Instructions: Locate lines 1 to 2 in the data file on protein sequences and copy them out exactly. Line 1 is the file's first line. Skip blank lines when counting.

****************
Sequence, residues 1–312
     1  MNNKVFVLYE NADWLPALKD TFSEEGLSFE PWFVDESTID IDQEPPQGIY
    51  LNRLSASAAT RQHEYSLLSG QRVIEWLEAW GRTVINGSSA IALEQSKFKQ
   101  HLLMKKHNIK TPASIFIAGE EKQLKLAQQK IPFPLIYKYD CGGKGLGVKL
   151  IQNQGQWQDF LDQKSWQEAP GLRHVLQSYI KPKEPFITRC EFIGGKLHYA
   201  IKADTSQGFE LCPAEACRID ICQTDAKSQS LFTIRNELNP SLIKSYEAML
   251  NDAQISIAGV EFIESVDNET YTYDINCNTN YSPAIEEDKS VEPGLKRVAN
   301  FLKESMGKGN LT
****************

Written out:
Sequence, residues 1–312
     1  MNNKVFVLYE NADWLPALKD TFSEEGLSFE PWFVDESTID IDQEPPQGIY